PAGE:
This post is about a new algorithm I have been working on to compute Global Illumination in realtime for 2D scenes.
The Algorithm is based on the idea of Global Line Radiosity.
The Radiosity Renderer computes a full Global Illumination Solution each frame and therefore is not limited by any number of dynamic elements in a scene. Since it is based on Radiosity, the number of lights or the shape of lights is also not a limiting factor. A light is treated completely the same as any solid material.
At each pixel, rays are cast into the scene and the (nearest) intersections are used to propagate direct/indirect illumination. So far, this is common to pathtracing and in fact it is very similar. However, raycasting is expensive and often needs acceleration structures (space partitioning like BVH, Octree, BSP, KdTree, …) to perform well. Acceleration structures themself need to be built and updated for dynamic elements in the scene, which also comes at a cost.
Global Line Radiosity
The idea of Global Line Radiosity in 3D is, to compute these Ray-Scene intersections in parallel for the whole scene (global lines) using the rasterizer. The scene is rendered (orthograhic projection) from different directions into a deep framebuffer that stores every single rasterized fragment, not just those that pass the fragment test (DEPTH_TEST), a technique that is also used for OIT (Order Independent Transparency). At each pixel/fragment, the list of frags (sorted by depth) is then used to propagate direct/indirect light. There is lots of room for variations and optimisations in this pipeline, and its a really neat alternative to conventional Raytracing.
For 2D-Scenes I am basically using the same algorithm except that rasterization into a deep framebuffer is not even necessary (and also not possible as in 3D).
The Radiosity Solution is computed completely on the GPU using OpenGL ES 3, so there would be no real performance gain in using a C/C++ framework over Processing/Java. Probably even a WebGL2 implementation would perform similar.
For comfortable debugging and testing of the algorithm i created a small app with a simple UI. The UI controls are basically for setting lightning intensity and enabling/disabling features, as well as some simple draw utils (brushes, lines, forms etc…). Under the UI is a magnifier for inspecting pixels and edges closer.
On the bottom are 3 HSL colorpickers for solid materials (left), light materials (middle) and global ambient light (right). Materials are at the moment generically defined as rgb colors using the alpha channel for light-intensity.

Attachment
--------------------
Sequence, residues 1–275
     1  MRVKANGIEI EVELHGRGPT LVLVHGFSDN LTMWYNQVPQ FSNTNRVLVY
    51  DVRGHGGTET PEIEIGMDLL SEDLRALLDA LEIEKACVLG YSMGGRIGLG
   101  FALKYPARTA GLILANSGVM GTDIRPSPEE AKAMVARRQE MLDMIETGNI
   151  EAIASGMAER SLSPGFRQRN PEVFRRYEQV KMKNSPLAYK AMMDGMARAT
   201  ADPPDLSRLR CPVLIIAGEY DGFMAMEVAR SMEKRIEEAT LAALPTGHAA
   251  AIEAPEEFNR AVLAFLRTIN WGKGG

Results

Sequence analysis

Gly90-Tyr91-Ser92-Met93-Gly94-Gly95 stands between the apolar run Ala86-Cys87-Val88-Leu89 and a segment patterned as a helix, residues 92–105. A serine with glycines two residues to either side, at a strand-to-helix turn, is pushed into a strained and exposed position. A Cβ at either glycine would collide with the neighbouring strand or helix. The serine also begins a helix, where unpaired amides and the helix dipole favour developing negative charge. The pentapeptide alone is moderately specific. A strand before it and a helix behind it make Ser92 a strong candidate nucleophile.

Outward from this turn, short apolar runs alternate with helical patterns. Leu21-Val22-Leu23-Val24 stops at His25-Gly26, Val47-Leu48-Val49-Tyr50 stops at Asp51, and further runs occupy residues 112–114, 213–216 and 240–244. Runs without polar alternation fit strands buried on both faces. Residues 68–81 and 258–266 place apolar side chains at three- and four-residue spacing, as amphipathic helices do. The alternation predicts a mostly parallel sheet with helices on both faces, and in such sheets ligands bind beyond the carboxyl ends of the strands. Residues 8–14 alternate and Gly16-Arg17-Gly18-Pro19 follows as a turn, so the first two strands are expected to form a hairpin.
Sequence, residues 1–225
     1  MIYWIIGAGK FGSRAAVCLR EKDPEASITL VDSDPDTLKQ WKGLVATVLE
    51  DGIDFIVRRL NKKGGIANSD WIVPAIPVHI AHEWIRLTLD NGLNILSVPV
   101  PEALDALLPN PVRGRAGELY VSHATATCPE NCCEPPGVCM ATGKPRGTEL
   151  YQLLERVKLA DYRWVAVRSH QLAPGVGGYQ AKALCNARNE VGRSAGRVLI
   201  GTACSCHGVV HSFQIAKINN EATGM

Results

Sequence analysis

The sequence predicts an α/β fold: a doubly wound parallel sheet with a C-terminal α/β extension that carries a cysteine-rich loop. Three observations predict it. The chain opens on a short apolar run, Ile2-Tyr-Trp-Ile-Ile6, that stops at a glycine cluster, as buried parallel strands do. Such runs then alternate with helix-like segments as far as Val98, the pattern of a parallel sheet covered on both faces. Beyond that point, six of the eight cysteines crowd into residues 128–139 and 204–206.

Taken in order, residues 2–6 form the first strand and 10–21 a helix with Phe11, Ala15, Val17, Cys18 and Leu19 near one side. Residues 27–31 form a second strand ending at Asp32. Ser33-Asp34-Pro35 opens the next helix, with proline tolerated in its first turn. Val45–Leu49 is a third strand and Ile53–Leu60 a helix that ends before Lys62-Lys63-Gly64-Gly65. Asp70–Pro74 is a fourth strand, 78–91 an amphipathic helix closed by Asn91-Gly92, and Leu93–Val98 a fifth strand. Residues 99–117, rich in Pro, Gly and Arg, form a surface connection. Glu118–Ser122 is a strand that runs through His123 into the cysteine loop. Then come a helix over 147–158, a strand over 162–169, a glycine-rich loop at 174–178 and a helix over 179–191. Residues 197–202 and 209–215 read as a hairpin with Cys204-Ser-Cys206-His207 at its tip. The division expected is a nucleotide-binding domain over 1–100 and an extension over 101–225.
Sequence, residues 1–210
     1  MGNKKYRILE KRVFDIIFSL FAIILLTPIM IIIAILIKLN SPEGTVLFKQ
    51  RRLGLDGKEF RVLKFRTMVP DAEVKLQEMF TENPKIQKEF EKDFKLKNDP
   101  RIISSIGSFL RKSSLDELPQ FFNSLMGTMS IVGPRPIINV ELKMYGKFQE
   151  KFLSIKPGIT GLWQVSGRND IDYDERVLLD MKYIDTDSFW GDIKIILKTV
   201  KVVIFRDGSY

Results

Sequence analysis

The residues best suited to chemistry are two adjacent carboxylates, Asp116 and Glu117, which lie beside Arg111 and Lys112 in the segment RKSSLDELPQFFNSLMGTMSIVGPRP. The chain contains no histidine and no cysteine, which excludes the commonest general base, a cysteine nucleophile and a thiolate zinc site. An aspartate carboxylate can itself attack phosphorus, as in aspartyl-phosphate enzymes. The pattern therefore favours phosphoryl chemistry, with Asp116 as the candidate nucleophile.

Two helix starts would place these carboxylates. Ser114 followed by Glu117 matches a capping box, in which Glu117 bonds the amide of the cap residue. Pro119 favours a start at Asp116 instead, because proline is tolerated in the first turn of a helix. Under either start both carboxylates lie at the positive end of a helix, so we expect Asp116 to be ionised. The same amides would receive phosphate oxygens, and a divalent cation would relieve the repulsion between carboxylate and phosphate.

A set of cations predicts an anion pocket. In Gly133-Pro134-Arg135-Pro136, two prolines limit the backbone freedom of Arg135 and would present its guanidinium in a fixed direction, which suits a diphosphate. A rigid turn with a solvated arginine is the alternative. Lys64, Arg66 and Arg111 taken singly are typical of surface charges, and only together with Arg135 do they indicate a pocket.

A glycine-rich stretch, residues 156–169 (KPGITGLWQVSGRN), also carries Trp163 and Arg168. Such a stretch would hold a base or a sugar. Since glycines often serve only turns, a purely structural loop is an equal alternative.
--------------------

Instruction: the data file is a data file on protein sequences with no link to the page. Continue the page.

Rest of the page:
It’s actually a lot of fun to draw interactively like this.
The rendered Radiosity-Result (HDR) is equivalent to a Pathtracer, but comes noisefree and with (kind of) infinite trace depth.
Since the algorithm somehow is a PathTracing/Radiosity mix, a solid measure to evaluate performance turned out to be RayCasts per Second.
On my graphics-card, a GeForce GTX 960, the renderer runs at about 2.0 – 2.5 billion raycasts per second … far more then what is possible with RayTracing, even on GPUs.
In Numbers: for a framesize of 1000 x 1000 pixels and 512 samples (ray-scene intersections) per pixel it would perform at around 5 frames per second.
(1000px * 1000px) * 512 samples/px * 5 frames/second = 2.56G samples/second
512 samples are mostly required to get a noisefree rendering since I dont sample direct light directly. For indirect light only, around 128 samples would be enough for most scenes. (There is lots of room for improvement for propagating direct light).
However, at the moment a good and simple solution to speedup the process is to run the Radiosity-Solver just at a lower resolution, … i get around 30fps then (see the videos).
Global Illumination – Secondary Bounces
As mentioned above, Indirect Lightning needs much less samples to propagate than direct light. The Following 2D Cornell Box example demonstrates the propagation of indirect light. The more passes the more “chaotic” paths are built and the final path-length cant really be determined.
Ambient Occlusion (AO)
The Ambient Occlusion term comes for free as a side-product and can be used to simulate a SkyDome. The AO-term is basically the 2D-Isovist at each pixel which can be stored in an additional rendertarget or simply added to the direct-light contribution. 2D-Isovists are also quite interesting for Space Syntax, e.g. for Architectural Plans. I am going to cover that in a following posting.
Sub Surface Scattering (SSS)
In my implementation, the amount/strength of SSS is simulated by the depth that Rays can enter solid materials . Optionally the values get blured to smooth the resulting irradiance a bit.
The following results are generated from random source image. A threshold is applied for creating a mask of solid obstacles, … thin enough, so SSS makes them appear to be translucent to some degree.